Applying these principles to the funds underlying Ecash Mint individual accounts, it would appear that such funds are being held either to be transferred to the Ecash Mint Pooled Account (at the time the Ecash is downloaded to the customer's hard drive) or transferred to the customer's WCA account. In either case, they represent an obligation owed to a predetermined specific party, the Bank's customer. Moreover, the funds at issue are associated with only two possible transactions. Accordingly, we are of the view that the purpose for which the funds underlying Ecash Mint individual accounts appear to be as specific a purpose as the examples in the statute and in the cases finding deposit liabilities under section 3(1)(3) of the FDIA.17 Therefore, in our view such funds would be held for a special or specific purpose within the meaning of section 3(1)(3) of the FDIA, 12 U.S.C. § 1813(1)(3), and may therefore qualify as a deposit under such section.

Funds Transferred to Ecash Pooled Account

As indicated in the foregoing section, the principles discussed in General Counsel Opinion No. 8 apply equally to a stored value computer network payment product such as Ecash.18 In Bank Primary--Reserve Systems (discussed in the foregoing section) as value is downloaded onto a card, funds are withdrawn from a customer's account (or paid directly by the customer) and paid into a reserve or general liability account held at the institution to pay merchants and other payees as they make claims for payments. In our view, the funds underlying this type of stored value card system are directly analogous to the funds credited to the Ecash Mint Pooled Account. As the Ecash is downloaded onto customers' hard drives the underlying funds are paid into a reserve or general liability account to pay merchants and other payees as they make claims for payments. The Bank Primary--Reserve System is exactly like the Ecash system (once the funds have been transferred to the Ecash Mint Pooled Account), except that the electronic value is transferred via computer hard drives rather than stored value cards. Thus, we would view the funds transferred to the Ecash Pooled Account in the same way as funds underlying Bank Primary--Reserve Systems.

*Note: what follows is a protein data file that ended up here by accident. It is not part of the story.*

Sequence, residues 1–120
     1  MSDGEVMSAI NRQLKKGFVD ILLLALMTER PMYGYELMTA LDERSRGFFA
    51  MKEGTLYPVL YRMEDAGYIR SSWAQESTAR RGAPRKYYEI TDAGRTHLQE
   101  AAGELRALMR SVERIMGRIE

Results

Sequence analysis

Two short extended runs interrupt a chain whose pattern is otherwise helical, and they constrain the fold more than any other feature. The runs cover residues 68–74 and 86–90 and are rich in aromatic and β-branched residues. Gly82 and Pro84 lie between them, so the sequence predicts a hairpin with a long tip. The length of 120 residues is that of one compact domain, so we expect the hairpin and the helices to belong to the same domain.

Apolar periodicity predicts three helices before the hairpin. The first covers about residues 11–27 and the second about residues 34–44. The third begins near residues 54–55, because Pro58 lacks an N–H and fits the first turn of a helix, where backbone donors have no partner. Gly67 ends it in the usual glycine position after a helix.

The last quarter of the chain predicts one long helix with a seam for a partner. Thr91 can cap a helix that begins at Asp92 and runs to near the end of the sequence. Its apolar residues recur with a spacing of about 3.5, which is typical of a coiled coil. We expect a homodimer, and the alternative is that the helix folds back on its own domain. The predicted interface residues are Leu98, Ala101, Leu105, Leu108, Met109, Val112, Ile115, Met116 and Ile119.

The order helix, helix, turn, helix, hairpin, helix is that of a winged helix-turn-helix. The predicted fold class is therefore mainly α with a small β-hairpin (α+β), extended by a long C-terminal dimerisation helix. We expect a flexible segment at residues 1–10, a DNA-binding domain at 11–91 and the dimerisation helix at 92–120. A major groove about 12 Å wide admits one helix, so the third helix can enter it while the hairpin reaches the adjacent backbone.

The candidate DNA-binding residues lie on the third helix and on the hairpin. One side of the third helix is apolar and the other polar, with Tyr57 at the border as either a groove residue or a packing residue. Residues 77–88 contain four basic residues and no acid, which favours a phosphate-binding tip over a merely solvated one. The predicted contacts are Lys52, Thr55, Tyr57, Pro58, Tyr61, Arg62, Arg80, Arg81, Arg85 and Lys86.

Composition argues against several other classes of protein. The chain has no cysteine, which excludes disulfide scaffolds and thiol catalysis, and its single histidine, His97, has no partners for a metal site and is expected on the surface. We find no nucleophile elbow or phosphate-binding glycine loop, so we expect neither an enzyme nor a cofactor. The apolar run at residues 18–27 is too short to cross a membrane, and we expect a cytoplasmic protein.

In General Counsel Opinion No. 8, the General Counsel concluded that funds held by an institution to meet obligations under Bank Primary--Reserve Systems would appear not to be deposits under section 3(1)(1) of the FDIA, 12 U.S.C. § 1813(1)(1), because the funds are not credited to or obligated to be credited to a commercial, checking, time, or thrift account. The General Counsel further concluded that the funds underlying such systems are not deposits under section 3(1)(3) of the FDIA, 12 U.S.C. § 1813(1)(3), because such funds are not held for a special or specific purpose.19 Inasmuch as the funds in the Ecash Mint Pooled Account are directly analogous to funds underlying Bank Primary--Reserve Systems, we reach the identical conclusions with respect to these Ecash obligations. They do not appear to be deposits within the meaning of section 3(1) of the FDIA, 12 U.S.C. § 1813(1).

Summary

It is our opinion that funds in Ecash Mint individual accounts are deposits within the meaning of section 3(1)(3) of the FDIA, 12 U.S.C. § 1813(1). Such funds therefore qualify for deposit insurance and may be assessed by the FDIC.

It is our further opinion that the analysis in General Counsel Opinion No. 8 with respect to Bank Primary--Reserve Systems applies equally to funds underlying Ecash that has been transferred to a pooled account within the Ecash Mint. Accordingly, such funds are not deposits within the meaning of section 3(1) of the FDIA, 12 U.S.C. § 1813(1). Therefore the funds would not qualify for deposit insurance and may not be assessed by the FDIC.

We expect that the Bank will clearly and conspicuously disclose to its customers that funds which have been transferred to the Ecash System are insured up to applicable limits until the Ecash is downloaded to their computer at which point such funds are no longer insured.